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A simple billing system (on top of ColdBox MVC) is ballooning into a semi-enterprisey inventory + provisioning + issue-tracking + profit tracking app. They seem to be doing their own thing yet they share many things including a common pool of Clients and Staff (login's), and other intermingled data & business logic.

How do you keep such system modular? from a maintenance, testability & re-usability stand point?

  • single monolithic app? (i.e. new package for the base app)
  • ColdBox module? not sure how to make it 'installable' and what benefits does it bring yet.
  • Java Portlet? no idea, just thinking outside the box
  • SOA architecture? through webservice API calls?

Any idea and/or experience you'd like to share?

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Hey Henry, you might want to tie the ERP tage to the question, it might bring up some more perspectives. –  Jas Panesar Apr 24 '11 at 19:24

5 Answers 5

up vote 3 down vote accepted

Stop thinking about technology (e.g. Java Portals, ColdBox modules, etc...) and focus on architecture. By this I mean imagining how you can explain your system to an observer. Start by drawing a set of boxes on a whiteboard that represent each piece - inventory, clients, issue tracking, etc... - and then use lines to show interactions between those systems. This focuses you on a separation of concerns, that is grouping together like functionality. To start don't worry about the UI, instead focus on algorithms and data.

If you we're talking about MVC, that step is focusing on the model. With that activity complete comes the hard part, modifying code to conform to that diagram (i.e the model). To really understand what this model should look like I suggest reading Domain Driven Design by Eric Evans. The goal is arriving at a model whose relationships are manageable via dependency injection. Presumably this leaves you with a set of high level CFCs - services if you will - with underlying business entities and persistence management. Their relationships are best managed by some sort of bean container / service locator, of which I believe ColdBox has its own, another example is ColdSpring.

The upshot of this effort is a model that's unit testable. Independent of of the user interface. If all of this is confusing I'd suggest taking a look at Working Effectively with Legacy Code for some ideas on how to make this transition.

Once you have this in place it's now possible to think about a controller (e.g. ColdBox) and linking the model to views through it. However, study whatever controller carefully and choose it because of some capability it brings to the table that your application needs (caching is an example that comes to mind). Your views will likely need to be reimagined as well to interact with this new design, but what you should have is a system where the algorithms are now divorced from the UI, making the views' job easy.

Realistically, the way you tackle this problem is iteratively. Find one system that can easily be teased out in the fashion I describe, get it under unit tests, validate with people as well, and continue to the next system. While a tedious process, I can assure it's much less work than trying to rewrite everything, which invites disaster unless you have a very good set of automated validation ahead of time.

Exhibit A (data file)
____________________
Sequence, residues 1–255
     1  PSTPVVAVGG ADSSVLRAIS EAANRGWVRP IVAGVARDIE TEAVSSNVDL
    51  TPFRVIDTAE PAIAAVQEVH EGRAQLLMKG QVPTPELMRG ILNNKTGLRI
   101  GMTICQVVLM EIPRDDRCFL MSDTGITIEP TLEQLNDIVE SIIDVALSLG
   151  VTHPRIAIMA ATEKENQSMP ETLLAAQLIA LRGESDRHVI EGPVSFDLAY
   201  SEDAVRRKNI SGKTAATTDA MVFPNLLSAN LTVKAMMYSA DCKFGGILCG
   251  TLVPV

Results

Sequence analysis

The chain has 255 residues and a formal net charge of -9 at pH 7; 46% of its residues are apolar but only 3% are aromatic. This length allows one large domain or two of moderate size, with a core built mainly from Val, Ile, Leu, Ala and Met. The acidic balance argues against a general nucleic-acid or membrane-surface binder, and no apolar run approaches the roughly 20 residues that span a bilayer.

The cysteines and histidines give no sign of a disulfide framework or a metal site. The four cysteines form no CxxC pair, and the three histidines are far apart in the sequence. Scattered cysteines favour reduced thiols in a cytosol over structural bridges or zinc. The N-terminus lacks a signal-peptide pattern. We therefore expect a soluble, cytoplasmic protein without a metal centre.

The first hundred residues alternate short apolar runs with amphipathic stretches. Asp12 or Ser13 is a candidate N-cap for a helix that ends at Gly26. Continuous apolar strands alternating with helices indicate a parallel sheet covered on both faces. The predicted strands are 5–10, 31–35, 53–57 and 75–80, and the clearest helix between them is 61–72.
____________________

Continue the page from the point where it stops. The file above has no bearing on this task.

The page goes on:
To reiterate, the tech is not going to solve your problem. Continued iteration toward more cohesive objects will.

Now as far as coupled data, with an ORM you've made a tradeoff, and monolithic systems do have their benefits. Another approach would be giving one stateful entity a reference to another's service object via DI, such that you retrieve it through that. This would enable you to mock it for the purpose of unit testing and replace it with a similar service object and corresponding entity to facilitate reuse in other contexts.

In terms of solving business problems (e.g. accounting) reuse is an emergent property where you write multiple systems that do roughly the same thing and then figure out how to generalize. Rarely if ever in my experience do you start out writing something to solve some business problem that becomes a reusable component.

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I'm already using DDD w/ DI. However, I wonder which of those technologies I mention would give me a better organization of the pieces. The high level view suggests that they should be more loosely coupled, yet the reality is that the DB tables had to be coupled (e.g. FK to Staff.staff_id). Once coupled, it is harder to get out for reuse. Looking for a best of both world solution but doesn't seem like there's one. –  Henry Apr 19 '11 at 18:21
@Henry: see my update. –  orangepips Apr 19 '11 at 19:09
Thank you. I would up vote this twice if I can. :) –  Henry Apr 19 '11 at 20:10

I would recommend you break the app into modular pieces using ColdBox Modules. You can also investigate on separate business logic into a RESTful ColdBox layer also and joining the system that way also. Again, it all depends on your requirements and needs at the moment.

Modules are designed to break monolithic applications into more manageable parts that can be standalone or coupled together.

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How does Module break monolithic app really? I can't visualize how it helps decoupling the model w/ parent app's model, other then easy to copy it out when needed, unless the Module's model is totally independent? Thank you –  Henry Apr 19 '11 at 9:59
Well first a round of analysis to see the bigger parts of the system and see how they are coupled to each other. This will dictate the major modules that can be in play here. Also, each module can interact with common domain services that are either part of an soa strategy or just part of the overall domain model and part of a common library module. The module itself will only consume these services and provide it's ownn. If you have such a big cohesive application not everything will be totally decoupled. That is an unattainable nirvana. You have to have certain balance between modularity and –  Luis Majano Apr 19 '11 at 16:54
And coupling. Good domain model model architecture will help younand if you leverage a di library like wirebox or cold spring you can have betternmanagement of these domainnobjects and how et will be wired. Again my advice is to document the big picture of the application and getnto a place where you have common services and specific services and construct your modules accordingly –  Luis Majano Apr 19 '11 at 16:56